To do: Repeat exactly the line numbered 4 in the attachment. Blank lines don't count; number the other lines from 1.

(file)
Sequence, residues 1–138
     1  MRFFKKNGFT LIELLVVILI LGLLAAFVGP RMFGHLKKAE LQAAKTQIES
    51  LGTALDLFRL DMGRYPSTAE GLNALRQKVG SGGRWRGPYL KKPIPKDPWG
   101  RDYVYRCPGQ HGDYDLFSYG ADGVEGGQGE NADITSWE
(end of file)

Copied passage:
   101  RDYVYRCPGQ HGDYDLFSYG ADGVEGGQGE NADITSWE